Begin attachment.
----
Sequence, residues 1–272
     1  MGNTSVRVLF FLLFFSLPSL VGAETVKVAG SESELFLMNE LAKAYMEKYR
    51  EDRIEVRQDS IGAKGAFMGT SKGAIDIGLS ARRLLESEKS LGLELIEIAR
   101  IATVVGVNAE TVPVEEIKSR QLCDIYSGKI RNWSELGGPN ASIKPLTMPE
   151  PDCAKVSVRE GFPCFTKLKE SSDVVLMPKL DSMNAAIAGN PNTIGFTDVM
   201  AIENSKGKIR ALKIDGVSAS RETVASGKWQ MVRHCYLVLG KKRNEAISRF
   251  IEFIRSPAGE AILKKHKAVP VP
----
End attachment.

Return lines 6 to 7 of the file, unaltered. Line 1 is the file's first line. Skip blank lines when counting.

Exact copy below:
   201  AIENSKGKIR ALKIDGVSAS RETVASGKWQ MVRHCYLVLG KKRNEAISRF
   251  IEFIRSPAGE AILKKHKAVP VP